But when the FHA comes to Capitol Hill with their tin cup, don’t call it a bailout. “There is no extraordinary action that Congress or anyone else needs to take,” said HUD Secretary Shaun Donovan. He’s right… long ago, Congress granted the FHA to borrow from the Treasury with relative impunity.
The FHA is also quick to point out that it has about $26 billion in a “financing fund” — a pool of money used to pay claims on defaulted loans. Coupled with reserves, they claim it’ll be enough because — of course — it’ll be different this time: “The story of FHA’s financial status at the end of FY 2009 is, then, the tale of two portfolios," Donovan told Congress. "The older portfolio has high rates of delinquencies and is expected to have high rates of insurance claims in the future. The new portfolio, which soon will be larger than the older portfolio, is expected to have more modest claim rates over the life of the loan guarantees."
These are all problems for the stock market of the future. Despite yesterday’s pullback, major stock indexes will likely finish the week up about 1.5-2%.
“The name Richard Norris Williams II might not ring a bell to you,” Jim Nelson wrote to his Lifetime Income Report readers yesterday. “But in the 1920s, everyone knew who he was. In 1912, 21-year-old Williams gained fame as a survivor of the sinking of the RMS Titanic. Later that year, he went on to earn his first U.S. mixed tennis championship. Now a member of the International Tennis Hall of Fame, there wasn’t much Williams didn’t win. He was a 1924 Olympic gold medalist, Wimbledon champion and a five-time U.S. tennis champion.
“On top of all his accomplishments, he was also a highly successful investment broker. He became a partner in an investment firm called C. Clothier Jones & Co. in 1929. His business partners in the small $5 million ($61.5 million today) firm were some of the brightest, most successful investors in the world.
“Of course, after the stock market hit the skids in 1929, the company took a hit. But thanks to the rally in first half of 1930, C. Clothier Jones & Co. was in better shape than ever. He was on top of the world in the spring of 1930. But just like the year before, market speculators pushed stocks higher than they were worth. By late summer, the rally turned into another massive sell-off.
“When October came around, Williams and his partners were doing everything they could to stay in business. Their investments turned to dust, and they were so incredibly overleveraged the only course for them was to fudge some numbers and blatantly lie to shareholders. Williams left the country in mid-October to get married in Europe. By the time he returned, he was a wanted man, for market manipulation. Four of his colleagues and large investors in the company had ended their own lives in that single week…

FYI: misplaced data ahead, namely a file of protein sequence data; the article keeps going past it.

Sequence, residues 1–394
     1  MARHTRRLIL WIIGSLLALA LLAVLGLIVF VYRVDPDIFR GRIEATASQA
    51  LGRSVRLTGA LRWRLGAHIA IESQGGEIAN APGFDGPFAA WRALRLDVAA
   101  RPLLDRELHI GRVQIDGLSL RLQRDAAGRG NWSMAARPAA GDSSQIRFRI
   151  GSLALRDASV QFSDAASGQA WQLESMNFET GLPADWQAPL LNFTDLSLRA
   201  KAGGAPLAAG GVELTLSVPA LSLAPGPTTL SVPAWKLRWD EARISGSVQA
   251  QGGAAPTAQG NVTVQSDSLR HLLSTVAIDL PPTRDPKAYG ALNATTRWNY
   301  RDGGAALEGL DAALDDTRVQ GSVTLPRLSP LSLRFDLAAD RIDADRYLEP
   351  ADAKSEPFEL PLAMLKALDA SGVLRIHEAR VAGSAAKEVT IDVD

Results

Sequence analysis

“We’re fortunate to have history lessons when trying to figure out the market. But there are certain aspects of today’s market that just weren’t there in 1930. Some, like emerging economies, give us a serious advantage over our forefathers. Even if the average investor of 1930 were aware of a possible second downturn, his options would be incredibly limited. Only a millionaire in 1930 could invest in other, safer economies.
“Today, it’s as effortless as buying an ADR through your online broker. We’ve ramped up our portfolio to reflect our favorites: Asia, Africa and Latin America.” For these emerging market income opportunities, read Jim’s Lifetime Income Report.
Another Depression-era theme reborn: The middle class has turned to shoplifting to keep up the appearance of financial stability. Check out this report from the U.K. Times Online and retail security firm Checkpoint Systems:
“Quality cuts of meat, fresh fish and high-priced cheeses are being taken by mostly middle-class women from speciality food and convenience shops, where thefts have risen sharply in the past year. Thousands of retailers have found that luxury foods are being stolen for individual use, rather than to be sold on.”
The duo claims that shoplifting in the U.K. has increased 20% in the past year, led by theft in clothing, fashion accessory and home improvement stores.
Last today, more proof that Wall Street has learned little or nothing from the credit crisis: Two Goldman Sachs executives have recently suggested that GS is “doing God’s work.” That first quote comes from CEO Lloyd Blankfein himself. He told The Sunday Times, "We help companies to grow by helping them to raise capital. Companies that grow create wealth. This, in turn, allows people to have jobs that create more growth and more wealth. It’s a virtuous cycle."
“The injunction of Jesus to love others as ourselves is an endorsement of self-interest," pontificated Brian Griffiths of Goldman Sachs Intl. inside London’s St Paul’s Cathedral a few weeks ago. For some reason, we just can’t hear Christ saying this one: “We have to tolerate the inequality as a way to achieving greater prosperity and opportunity for all."
Incredible, right? This is definitive proof to us that “Old Testament God” is no longer around, lest it would be raining sulfur both here and in foggy London town. Rolling Stone’s gonzo journalist Matt Taibbi had another worthy retort to this truly amazing level of delusion. We share his final conclusion… “What a bunch of a$%holes!”
Have a good weekend,
The 5 Min. Forecast
P.S. With gold at new all time highs every day, our inbox has been getting more than the usual amount of questions concerning gold and silver coins. Unfortunately, we can’t respond with anything useful… since we are not licensed brokers (thank heavens), the SEC insists that we never offer any kind of personalized investment advice.
So here’s the deal: If you have questions about investing in coins, fire ‘em over to this address. We’ll pool the most popular and figure out a way to respond in a way that doesn’t get us in trouble with Uncle Sam.